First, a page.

This is an image of boiled eggs as related in the story of all 6's in Walks In Tameside.We noticed another pub not far away and decided we would try there for an evening meal. Before leaving all 6’s, I asked the landlady if I could have a couple of boiled eggs for breakfast. I certainly didn’t fancy a full cooked breakfast at this establishment. To my amazement she said “well I suppose so, as long as you all don’t want it”. It turned out she thought, for what reason I cannot imagine, that I wanted two boiled eggs as well as a full cooked breakfast!

When we arrived at the alternative hostelry they were just starting a pub quizz and we were invited to take part. During the day we had been discussing the ladyboys in Thailand, so decided to call our team ‘The Ladyboys’. We didn’t realise at the time that the two joint proprietors and quizz masters serving at the bar were ‘batting for the other side’ so to say.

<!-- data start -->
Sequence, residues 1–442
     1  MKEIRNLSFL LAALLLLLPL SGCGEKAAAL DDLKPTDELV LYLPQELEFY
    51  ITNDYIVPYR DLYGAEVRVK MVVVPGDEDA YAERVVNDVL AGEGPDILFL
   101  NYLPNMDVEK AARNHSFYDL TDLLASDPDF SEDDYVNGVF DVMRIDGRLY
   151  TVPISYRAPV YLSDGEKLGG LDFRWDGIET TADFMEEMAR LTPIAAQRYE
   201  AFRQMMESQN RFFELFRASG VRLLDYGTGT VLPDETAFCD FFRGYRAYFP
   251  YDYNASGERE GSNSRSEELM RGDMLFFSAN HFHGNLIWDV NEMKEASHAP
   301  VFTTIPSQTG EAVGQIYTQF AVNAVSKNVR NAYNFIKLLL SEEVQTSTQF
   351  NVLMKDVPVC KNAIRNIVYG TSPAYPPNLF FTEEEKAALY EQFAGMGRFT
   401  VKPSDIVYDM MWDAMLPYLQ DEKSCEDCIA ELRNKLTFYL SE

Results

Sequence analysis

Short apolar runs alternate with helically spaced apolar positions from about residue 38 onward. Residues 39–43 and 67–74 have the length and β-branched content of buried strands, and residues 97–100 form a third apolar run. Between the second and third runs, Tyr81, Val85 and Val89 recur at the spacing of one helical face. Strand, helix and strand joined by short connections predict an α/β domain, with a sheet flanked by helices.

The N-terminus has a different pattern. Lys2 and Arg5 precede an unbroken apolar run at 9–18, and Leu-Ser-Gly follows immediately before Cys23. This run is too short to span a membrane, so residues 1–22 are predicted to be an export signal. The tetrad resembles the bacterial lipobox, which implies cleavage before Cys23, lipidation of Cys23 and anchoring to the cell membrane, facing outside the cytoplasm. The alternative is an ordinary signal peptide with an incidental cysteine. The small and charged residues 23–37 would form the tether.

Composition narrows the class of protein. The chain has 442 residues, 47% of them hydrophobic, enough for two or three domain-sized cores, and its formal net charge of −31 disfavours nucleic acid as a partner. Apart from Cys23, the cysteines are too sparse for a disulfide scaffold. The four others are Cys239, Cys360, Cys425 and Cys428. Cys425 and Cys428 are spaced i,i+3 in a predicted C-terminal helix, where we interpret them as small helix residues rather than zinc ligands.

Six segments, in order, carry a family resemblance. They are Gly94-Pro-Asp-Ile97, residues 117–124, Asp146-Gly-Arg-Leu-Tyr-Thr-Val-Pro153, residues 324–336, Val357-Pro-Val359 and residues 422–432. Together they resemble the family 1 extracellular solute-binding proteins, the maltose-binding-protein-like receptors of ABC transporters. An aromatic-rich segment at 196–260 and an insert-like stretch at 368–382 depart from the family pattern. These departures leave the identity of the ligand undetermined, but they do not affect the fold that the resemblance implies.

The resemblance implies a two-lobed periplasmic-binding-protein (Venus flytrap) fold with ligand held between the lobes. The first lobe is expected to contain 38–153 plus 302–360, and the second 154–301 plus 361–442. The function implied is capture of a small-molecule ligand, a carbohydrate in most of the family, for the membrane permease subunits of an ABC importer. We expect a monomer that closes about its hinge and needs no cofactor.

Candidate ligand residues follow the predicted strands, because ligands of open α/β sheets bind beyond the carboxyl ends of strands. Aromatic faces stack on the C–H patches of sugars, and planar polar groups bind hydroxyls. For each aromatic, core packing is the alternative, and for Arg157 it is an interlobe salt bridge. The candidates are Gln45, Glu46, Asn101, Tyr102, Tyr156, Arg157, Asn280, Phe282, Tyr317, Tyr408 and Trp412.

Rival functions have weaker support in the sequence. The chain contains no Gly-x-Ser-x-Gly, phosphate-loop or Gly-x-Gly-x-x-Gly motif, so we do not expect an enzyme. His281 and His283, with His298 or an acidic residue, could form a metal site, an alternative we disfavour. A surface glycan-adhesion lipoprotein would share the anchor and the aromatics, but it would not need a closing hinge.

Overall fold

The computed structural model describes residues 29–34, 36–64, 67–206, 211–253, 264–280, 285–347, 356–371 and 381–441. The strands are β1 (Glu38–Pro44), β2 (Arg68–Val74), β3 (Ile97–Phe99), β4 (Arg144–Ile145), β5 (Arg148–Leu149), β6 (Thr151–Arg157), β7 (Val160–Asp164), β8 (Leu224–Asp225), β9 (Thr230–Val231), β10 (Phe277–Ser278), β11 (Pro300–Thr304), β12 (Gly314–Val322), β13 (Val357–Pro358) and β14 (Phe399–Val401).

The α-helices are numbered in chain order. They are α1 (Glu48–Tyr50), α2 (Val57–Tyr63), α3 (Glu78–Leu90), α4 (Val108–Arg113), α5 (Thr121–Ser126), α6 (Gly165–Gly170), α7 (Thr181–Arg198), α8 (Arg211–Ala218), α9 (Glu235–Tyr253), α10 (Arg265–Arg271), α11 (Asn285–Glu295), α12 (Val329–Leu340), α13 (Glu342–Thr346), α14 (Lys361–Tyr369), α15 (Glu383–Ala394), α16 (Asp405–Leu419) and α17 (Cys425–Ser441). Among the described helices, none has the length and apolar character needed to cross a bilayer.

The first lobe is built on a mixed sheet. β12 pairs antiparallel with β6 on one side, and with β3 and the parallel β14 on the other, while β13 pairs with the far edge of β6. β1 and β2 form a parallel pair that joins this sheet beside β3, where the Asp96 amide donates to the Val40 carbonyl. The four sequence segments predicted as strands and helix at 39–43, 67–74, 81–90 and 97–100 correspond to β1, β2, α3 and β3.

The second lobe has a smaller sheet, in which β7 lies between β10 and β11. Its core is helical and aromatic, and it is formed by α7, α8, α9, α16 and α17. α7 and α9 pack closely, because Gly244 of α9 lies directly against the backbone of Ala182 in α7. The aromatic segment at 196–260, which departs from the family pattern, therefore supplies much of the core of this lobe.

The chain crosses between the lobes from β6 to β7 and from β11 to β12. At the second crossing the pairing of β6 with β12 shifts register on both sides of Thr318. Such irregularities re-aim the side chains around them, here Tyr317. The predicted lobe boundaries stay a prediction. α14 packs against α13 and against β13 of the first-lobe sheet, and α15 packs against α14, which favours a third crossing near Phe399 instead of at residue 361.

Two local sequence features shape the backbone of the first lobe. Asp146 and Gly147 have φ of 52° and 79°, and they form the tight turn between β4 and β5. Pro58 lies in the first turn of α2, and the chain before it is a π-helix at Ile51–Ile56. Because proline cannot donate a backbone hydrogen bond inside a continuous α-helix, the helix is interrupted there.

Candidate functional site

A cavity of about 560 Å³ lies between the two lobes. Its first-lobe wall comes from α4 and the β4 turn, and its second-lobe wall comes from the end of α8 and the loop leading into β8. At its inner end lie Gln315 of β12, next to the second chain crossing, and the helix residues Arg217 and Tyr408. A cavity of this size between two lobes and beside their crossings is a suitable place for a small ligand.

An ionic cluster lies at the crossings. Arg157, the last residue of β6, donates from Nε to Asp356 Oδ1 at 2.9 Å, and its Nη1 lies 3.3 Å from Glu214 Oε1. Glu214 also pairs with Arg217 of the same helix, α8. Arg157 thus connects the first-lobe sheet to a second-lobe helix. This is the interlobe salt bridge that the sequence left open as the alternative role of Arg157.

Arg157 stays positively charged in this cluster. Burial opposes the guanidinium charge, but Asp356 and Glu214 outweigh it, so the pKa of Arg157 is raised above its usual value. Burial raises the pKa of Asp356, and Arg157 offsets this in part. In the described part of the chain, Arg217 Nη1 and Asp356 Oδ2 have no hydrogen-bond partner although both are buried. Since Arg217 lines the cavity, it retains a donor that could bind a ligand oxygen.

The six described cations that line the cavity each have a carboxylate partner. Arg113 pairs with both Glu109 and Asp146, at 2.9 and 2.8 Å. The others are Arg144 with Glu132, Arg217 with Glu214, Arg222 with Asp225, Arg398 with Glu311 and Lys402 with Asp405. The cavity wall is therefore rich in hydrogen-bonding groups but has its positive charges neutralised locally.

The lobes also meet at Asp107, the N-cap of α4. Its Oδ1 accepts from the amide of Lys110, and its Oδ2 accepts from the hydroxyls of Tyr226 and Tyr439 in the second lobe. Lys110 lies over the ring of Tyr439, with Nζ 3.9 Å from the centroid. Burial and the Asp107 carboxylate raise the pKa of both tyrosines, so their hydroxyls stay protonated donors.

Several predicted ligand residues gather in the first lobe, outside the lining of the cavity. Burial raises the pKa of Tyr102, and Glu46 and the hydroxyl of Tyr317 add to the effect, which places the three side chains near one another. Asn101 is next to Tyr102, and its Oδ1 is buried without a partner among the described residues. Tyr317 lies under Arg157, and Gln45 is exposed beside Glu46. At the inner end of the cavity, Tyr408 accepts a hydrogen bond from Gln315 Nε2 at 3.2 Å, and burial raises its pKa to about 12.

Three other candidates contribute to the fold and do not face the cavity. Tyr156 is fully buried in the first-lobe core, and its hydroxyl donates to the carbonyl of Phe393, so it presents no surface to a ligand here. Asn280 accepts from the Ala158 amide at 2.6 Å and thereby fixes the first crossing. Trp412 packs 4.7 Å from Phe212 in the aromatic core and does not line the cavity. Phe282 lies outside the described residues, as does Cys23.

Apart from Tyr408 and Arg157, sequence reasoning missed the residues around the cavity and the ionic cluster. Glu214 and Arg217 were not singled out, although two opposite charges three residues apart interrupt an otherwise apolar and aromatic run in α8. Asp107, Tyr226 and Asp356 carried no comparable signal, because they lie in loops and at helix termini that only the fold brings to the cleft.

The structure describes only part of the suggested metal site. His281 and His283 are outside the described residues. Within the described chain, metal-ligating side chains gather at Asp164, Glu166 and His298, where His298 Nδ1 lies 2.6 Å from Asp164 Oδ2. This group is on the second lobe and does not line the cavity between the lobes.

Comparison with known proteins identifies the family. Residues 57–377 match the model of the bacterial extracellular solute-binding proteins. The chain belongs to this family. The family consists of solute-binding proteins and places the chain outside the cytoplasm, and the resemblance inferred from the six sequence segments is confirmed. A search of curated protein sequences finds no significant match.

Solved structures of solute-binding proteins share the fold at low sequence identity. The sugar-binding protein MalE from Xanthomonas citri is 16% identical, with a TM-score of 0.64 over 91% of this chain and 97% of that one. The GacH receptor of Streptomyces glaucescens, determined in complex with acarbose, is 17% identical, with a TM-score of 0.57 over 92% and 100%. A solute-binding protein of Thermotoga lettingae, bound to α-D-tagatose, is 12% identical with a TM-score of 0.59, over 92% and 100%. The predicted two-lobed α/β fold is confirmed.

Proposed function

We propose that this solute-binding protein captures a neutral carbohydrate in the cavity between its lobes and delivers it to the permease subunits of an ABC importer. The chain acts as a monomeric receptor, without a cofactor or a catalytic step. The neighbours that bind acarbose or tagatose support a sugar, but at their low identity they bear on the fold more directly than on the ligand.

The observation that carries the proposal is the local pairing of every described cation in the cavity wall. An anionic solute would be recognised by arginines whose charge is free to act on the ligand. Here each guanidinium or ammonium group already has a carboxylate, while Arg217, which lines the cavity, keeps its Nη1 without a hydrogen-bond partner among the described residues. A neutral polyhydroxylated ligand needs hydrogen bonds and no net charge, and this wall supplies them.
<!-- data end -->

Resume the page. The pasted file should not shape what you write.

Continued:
The meal was a disaster and the following morning at breakfast the landlady of all 6’s, greeted us with “you didn’t dine here last night, we are famous for our pizzas you know”. She then proceeded to tell us about a doctor who had stayed for a night and refused to pay his bill. He said “the place was a shambles” she continued, to our amusement. “We are moving out soon, somebody else is taking over” were her final remarks before disappearing into the kitchen.

Thank goodness, we too were moving out of all 6’s within the hour. You really couldn’t write it.

Related Content:
Rob Roy Way Part 1
Rob Roy Way Part 2

Tameside Country Walks

Tameside Country Walks – Right On Your Doorstep

This is an image of one of the Tameside Country Walks in Walks In Tameside.I am often asked by locals if there are many Tameside country walks. Now this surprises me because Tameside has 145 miles of footpaths. Some of these footpaths are the best in Greater Manchester. Most of Greater Manchester is now ‘a concrete jungle’, especially the southern part and although Tameside has many urban areas, most people can be in the countryside within 10 minutes or so.

Some of the best places for Tameside Country walks are the Stalybridge/Mottram area. Also the Werneth Low area of Hyde and the Hartshead area of Ashton-under-Lyne. With the Tameside area once being mainly agricultural, there are many footpaths over farmland, especially in the Werneth Low and Hartshead areas.